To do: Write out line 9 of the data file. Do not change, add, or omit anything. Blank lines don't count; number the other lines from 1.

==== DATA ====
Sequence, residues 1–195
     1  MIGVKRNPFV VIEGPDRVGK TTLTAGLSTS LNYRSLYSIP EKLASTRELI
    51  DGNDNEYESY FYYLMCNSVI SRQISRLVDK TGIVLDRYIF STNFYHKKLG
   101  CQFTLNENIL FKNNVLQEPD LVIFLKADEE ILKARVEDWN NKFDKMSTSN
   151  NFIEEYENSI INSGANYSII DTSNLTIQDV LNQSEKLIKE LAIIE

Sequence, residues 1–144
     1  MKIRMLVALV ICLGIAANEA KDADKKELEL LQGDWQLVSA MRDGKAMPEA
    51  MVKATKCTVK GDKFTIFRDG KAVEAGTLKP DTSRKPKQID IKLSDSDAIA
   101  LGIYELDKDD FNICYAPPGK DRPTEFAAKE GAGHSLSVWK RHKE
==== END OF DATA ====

   101  LGIYELDKDD FNICYAPPGK DRPTEFAAKE GAGHSLSVWK RHKE